Keep Your Team Engaged in the Contact Center
After completing this unit, you’ll be able to:
- Define team engagement in the context of the contact center.
- Discuss the benefits of an engaged team.
- Identify various ways to foster better team engagement.
Contact centers demand a lot from their agents. They’re the first line of customer contact for their companies and a critically important part of the customer experience. An agent’s job is to talk to customers all day, and these interactions range from handling routine requests to working through complex issues with frustrated customers. The realities of the job can lead to disengaged employees and high attrition rates. Workforce quality and retention are two of the biggest challenges contact center managers face, and—as you’ll see in this unit—team engagement is one of the best ways to address these issues.
Contact center managers don’t need a reminder about how important it is to cultivate and keep talent, but oftentimes team engagement is overlooked as a method to boost team morale and culture. When a team is engaged, the members of that team find a sense of camaraderie, accomplishment, and meaning in the work they’re doing together.
There are three key ways to bring about team engagement: culture, collaboration, and transparency. Keeping teams engaged should be fun, and it can be as simple as celebrating work anniversaries, having a bake-off, or taking a poll on who has the best phone voice. The main thing is that by engaging effectively and consistently with service agents, managers will not only see an uptick in key metrics, but also develop a happier and more productive workforce.
Most managers see culture as something static that they inherited when they started their job, but it’s important to remember that culture is something that’s always evolving. It’s also something that can be changed by the people at the top. In short: Culture is really a choice.
When managers make an effort to create an uplifting culture, it permeates throughout the organization. Here are some tips to start moving your organization in this direction.
- Appreciation. Show appreciation by celebrating milestones and accomplishments so agents know they are valued. This can be something simple like a handwritten thank-you note for one-year’s service or 1,000 cases solved.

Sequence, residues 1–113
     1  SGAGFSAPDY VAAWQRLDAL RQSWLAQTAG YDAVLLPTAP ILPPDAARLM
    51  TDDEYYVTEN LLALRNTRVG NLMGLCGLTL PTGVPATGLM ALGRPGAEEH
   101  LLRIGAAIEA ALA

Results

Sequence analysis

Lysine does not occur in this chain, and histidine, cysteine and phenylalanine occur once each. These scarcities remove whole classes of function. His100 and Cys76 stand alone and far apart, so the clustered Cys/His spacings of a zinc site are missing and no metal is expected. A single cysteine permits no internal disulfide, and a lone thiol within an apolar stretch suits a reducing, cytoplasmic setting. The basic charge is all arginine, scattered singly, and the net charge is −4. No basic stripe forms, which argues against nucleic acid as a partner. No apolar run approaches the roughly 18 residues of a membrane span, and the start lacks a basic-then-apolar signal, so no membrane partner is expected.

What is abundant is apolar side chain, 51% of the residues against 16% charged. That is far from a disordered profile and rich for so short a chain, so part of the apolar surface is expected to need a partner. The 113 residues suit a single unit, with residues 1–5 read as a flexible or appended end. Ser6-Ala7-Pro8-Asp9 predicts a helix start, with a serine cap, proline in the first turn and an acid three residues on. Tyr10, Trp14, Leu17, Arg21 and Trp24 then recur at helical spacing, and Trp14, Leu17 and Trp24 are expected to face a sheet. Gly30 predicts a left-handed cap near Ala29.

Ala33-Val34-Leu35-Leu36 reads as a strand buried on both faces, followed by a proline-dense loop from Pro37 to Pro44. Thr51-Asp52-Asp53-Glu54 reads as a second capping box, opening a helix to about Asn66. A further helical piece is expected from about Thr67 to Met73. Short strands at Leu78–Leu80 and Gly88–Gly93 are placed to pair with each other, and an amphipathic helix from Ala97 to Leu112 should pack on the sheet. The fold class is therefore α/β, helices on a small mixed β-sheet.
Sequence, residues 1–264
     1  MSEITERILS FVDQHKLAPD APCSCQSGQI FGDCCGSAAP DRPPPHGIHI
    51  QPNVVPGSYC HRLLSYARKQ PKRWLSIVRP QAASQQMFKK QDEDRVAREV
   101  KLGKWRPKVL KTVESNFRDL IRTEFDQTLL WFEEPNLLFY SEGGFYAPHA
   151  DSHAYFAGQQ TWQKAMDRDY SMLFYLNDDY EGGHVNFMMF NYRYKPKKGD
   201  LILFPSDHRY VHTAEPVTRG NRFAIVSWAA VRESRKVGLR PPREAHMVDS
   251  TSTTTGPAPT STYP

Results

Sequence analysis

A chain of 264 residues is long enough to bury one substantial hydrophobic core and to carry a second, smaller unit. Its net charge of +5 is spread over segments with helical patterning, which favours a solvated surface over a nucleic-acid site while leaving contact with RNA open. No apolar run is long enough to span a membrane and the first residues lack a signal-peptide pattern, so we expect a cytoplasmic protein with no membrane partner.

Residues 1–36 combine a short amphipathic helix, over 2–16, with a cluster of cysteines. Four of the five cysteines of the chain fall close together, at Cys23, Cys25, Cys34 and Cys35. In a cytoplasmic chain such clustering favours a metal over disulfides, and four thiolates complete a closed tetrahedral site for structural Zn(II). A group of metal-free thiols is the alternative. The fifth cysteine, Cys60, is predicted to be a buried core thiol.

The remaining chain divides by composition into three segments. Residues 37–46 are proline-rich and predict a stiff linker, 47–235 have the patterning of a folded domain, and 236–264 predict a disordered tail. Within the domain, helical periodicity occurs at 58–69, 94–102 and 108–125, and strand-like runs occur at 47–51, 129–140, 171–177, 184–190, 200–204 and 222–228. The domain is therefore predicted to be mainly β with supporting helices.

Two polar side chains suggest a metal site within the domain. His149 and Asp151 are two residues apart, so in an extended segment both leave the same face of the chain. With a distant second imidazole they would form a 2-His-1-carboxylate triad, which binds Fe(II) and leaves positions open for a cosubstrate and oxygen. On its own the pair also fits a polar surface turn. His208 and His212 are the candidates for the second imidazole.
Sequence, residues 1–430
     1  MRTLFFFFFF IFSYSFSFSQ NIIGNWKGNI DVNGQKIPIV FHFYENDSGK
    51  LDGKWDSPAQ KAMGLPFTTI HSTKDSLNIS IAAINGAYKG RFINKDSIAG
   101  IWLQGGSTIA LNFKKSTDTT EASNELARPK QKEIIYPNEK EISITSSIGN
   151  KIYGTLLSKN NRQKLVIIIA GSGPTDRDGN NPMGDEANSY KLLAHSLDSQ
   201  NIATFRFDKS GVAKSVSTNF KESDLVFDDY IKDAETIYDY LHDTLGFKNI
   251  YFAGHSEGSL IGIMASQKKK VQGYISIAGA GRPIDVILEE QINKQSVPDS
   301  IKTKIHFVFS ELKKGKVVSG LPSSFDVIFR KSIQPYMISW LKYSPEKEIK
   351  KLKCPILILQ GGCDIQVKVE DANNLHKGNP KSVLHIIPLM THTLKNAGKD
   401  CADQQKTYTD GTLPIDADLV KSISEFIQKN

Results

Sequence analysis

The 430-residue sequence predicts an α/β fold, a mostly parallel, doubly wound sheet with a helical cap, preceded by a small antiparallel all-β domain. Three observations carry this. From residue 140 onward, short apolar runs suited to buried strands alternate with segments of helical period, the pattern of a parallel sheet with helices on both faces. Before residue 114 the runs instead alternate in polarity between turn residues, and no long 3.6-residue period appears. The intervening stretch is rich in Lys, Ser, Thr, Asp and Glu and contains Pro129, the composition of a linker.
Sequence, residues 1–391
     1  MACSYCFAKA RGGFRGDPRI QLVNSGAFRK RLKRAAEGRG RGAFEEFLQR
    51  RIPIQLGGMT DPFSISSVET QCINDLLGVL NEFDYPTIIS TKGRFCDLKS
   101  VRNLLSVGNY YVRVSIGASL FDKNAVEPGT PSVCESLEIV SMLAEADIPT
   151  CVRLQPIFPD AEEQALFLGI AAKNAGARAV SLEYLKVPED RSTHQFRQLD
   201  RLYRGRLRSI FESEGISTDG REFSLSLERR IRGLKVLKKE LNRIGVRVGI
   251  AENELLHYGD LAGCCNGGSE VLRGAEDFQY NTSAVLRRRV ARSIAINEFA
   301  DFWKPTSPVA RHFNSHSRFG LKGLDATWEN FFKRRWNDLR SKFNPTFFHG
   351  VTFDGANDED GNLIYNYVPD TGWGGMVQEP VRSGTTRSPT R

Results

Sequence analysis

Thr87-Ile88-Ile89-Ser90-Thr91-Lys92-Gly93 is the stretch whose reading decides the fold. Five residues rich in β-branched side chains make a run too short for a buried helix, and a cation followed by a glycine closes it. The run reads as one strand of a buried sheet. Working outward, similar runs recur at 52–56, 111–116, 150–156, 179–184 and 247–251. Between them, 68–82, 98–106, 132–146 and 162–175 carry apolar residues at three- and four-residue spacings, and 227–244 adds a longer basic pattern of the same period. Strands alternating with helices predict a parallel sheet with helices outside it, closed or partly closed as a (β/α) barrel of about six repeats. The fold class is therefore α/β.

- Empowerment. Give agents the authority to make decisions when dealing with challenging situations, even if it means bending some rules to keep customers happy. Empower agents by letting them know what kinds of exceptions or concessions they can make in challenging situations.
- Work/life balance. Allow your agents the flexibility they need to be successful in all areas of their lives. Make sure they know they can take time out of their workday on occasion to deal with personal matters.
- Personal growth and development. Give top agents the opportunity to work on challenging new assignments. If you have agents who want to move into management or be an expert in a certain area, allow them to shadow people for a day.
Working as an agent in a contact center can sometimes feel like it’s just one person taking on the whole world’s problems. As a manager, it’s important for you to create an environment where agents know they don’t have to work alone to get through cases. Here’s how to encourage collaboration in the contact center.
- Training. Invite top performers to share their knowledge through short training sessions. A half-hour training with a handful of people can be a great opportunity for personal growth and development, and small group sessions are easier to implement.
- Support. Remind agents that they can instant message each other for support if they have a tough case. Newer agents will feel more supported, and more senior agents who want to work their way into management will have the opportunity to try on a mentoring role.
Remember that collaboration opportunities happen all the time; just make sure to encourage your agents to help each other solve problems.
People are engaged when they feel invested in the success of an organization. A great way to build that connection between agents and the contact center is to give them a view into the health of the organization. When management shares goals openly, they inspire trust and enable employees to understand how their own day-to-day activities ladder up to the success of the organization.
By taking the time to think and act deliberately around team engagement, managers can solve many of the attrition and disengagement problems typically found in contact centers.